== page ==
In his Foreword to the book, contest judge Gregory Orr writes
"a reader of Pamela Davis’s Lunette cannot escape for a single page, or even a single line her amazing liveliness of language—it’s alert to the world, deft with the word that will catch that world whirling past. Catch it and fix it— pinned to the page with a sardonic wit."
Poet, fiction writer, and National Book Critics Circle Award winner in poetry for Space in Chains Laura Kasischke praises Lunette’ s “collection of poems resonating across space and time with their mysterious music and otherworldly voices.”
Grace Cavalieri writing in Washington Independent Review of Books says “Davis is charismatic. Each poem becomes charged, changing the calcification of words to living encounters. I like so much the poems about her father, grandmother, mother, family. Her father was a mortician and a gambler...after work he soaked his arches in formaldehyde. I’d stare at his feet, flat/as bottom fish...
(Davis) speaks of marriage too and colors each word in a way not seen before...not afraid to show the kinds of truth in love. There are travel poems. A new look at Paris with a mobile heart. This is not poetry of illusion and fantasy. These are real poems in a real world, marvelously stated. She goes down roads we do not know— speaking of wanting a baby—with the great gift of indirectness...Davis creates keen caring poems where we find out who the speaker is with a new sense in every poem, each in a different kind of language. What a feat to be so versatile, to have such inner resources—poetry as lines of inquiry into our complex existence. There’s much speculation about the life and death cycle, beyond family, even to birds, and dogs, and dead cats, but never over-elaborately. Always just right. This is a substantively important poet who knows who she is—then, we learn more who we are, by the reading." (Grace Cavalieri, May 19, 2015.)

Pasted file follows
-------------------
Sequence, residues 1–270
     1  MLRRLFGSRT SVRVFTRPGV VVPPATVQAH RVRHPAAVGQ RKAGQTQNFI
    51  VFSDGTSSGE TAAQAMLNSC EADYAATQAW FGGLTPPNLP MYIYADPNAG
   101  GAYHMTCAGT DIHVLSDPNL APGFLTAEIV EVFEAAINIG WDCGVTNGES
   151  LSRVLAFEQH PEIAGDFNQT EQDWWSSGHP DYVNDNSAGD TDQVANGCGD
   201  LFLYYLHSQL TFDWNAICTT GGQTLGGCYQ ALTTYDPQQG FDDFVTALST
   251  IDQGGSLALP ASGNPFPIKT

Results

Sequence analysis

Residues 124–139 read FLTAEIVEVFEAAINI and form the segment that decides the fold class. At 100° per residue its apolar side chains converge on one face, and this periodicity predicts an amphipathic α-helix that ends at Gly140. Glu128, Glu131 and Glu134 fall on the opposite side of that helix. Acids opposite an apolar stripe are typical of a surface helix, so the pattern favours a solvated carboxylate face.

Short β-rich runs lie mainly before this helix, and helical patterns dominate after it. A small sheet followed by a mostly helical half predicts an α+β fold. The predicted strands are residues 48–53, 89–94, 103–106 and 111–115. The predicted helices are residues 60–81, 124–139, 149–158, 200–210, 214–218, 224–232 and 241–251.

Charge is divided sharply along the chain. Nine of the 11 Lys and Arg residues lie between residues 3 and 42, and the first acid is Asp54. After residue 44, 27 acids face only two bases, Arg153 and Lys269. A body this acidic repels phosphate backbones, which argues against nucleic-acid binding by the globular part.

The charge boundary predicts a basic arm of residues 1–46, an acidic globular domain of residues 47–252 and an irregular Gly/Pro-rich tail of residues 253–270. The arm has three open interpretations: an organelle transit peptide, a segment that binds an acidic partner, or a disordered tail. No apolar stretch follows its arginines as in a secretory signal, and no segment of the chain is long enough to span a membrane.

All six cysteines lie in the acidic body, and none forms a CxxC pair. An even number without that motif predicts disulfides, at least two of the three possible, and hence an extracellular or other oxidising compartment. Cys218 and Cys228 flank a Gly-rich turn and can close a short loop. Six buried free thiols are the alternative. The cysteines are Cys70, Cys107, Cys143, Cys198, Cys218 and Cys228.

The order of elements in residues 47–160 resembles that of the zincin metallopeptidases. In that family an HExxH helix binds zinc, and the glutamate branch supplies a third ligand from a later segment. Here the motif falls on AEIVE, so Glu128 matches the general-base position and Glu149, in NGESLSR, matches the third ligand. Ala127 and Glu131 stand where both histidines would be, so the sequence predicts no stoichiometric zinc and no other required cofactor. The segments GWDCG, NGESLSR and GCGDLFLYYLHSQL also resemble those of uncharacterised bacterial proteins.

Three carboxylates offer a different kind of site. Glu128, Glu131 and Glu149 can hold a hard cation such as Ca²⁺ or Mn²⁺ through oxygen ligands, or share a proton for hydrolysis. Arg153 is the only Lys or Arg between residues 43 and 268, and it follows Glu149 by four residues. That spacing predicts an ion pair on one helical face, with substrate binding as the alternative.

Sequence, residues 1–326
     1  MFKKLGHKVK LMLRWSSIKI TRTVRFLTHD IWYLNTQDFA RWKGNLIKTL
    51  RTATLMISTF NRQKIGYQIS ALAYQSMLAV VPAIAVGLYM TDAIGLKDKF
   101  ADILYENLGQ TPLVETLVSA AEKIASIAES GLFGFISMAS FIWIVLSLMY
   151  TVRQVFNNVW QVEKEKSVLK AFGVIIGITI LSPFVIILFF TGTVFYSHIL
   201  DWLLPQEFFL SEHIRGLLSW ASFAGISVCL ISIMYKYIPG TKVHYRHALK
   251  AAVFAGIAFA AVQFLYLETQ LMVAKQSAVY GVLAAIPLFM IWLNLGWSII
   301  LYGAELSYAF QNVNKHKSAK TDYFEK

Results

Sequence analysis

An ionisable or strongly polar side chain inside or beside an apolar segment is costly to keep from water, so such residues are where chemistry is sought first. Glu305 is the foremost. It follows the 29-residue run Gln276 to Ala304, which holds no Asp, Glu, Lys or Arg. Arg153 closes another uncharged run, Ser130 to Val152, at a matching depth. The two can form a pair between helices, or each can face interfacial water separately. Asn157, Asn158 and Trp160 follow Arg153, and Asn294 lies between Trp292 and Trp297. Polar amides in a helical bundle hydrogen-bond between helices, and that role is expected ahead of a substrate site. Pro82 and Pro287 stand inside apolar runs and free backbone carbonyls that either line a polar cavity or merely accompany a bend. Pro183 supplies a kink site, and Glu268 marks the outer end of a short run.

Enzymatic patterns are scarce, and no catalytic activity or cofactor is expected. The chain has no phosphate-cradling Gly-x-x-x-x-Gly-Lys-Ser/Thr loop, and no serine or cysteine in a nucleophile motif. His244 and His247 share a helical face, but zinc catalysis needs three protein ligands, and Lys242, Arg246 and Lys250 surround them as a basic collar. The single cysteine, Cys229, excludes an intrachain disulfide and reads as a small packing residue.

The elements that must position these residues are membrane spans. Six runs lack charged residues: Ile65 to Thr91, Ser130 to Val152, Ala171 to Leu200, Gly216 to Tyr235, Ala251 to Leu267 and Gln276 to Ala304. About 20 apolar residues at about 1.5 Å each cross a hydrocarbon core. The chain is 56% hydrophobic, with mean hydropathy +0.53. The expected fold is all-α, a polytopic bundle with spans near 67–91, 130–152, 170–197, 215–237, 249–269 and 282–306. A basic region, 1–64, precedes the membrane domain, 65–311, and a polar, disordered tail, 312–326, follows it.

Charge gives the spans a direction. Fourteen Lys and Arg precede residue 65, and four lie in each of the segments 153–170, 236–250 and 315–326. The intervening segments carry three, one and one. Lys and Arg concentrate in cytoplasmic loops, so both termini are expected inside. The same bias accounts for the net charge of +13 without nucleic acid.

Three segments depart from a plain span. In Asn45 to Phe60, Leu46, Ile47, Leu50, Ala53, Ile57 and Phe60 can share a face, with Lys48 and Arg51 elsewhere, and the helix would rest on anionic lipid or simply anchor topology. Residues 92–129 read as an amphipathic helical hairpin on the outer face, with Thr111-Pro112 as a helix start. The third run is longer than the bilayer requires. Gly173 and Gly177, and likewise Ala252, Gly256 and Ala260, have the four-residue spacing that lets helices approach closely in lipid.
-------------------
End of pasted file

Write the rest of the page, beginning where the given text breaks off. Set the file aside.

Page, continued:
Dorianne Laux praises Lunette’ s “willful, wry, rangy and raw...poems, always on the move, always pushing forward through time and place with fresh lush language, abundant details, and in rhythm with the sad and beautiful stories they tell.”
“A magical network of imagery and imagery,” writes poetry critic Sonja James in her review of Lunette (The Journal, April 16, 2015). “...(Lunette) is a work of astounding range which amply demonstrates her virtuosity as a poet. These are poems that capture the ferocious beauty of life while mining its essence. These are poems to be read again and again.”
Poet and critic Richard Jarrette says “The book is a treasure...one revel(s) in the music, rhythms, speed-of-light leaps of word, image and story. She’s a great jazz drummer taking her solo.” The critic cites the poems with “long Whitmanesque lines that seem seized by the energy to which she’s surrendered....(she) grabs handfuls of gems and hurls them into the light without holding back.” Jarrette likens Lunette to “a comet with a long, fat tail. Her poems want to shoot beyond the page, melt the glue from the binding. We the lucky readers become larger, more knowing, enriched. How did she do it?” (CASA Magazine, July 10, 2015.)